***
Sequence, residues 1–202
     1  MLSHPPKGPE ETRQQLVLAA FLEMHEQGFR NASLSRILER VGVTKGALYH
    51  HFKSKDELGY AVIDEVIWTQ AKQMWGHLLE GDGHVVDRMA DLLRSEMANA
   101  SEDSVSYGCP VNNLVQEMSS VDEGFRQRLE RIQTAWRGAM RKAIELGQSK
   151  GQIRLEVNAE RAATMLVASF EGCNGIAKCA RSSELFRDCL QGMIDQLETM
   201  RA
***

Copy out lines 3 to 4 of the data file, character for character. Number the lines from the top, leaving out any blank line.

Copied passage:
    51  HFKSKDELGY AVIDEVIWTQ AKQMWGHLLE GDGHVVDRMA DLLRSEMANA
   101  SEDSVSYGCP VNNLVQEMSS VDEGFRQRLE RIQTAWRGAM RKAIELGQSK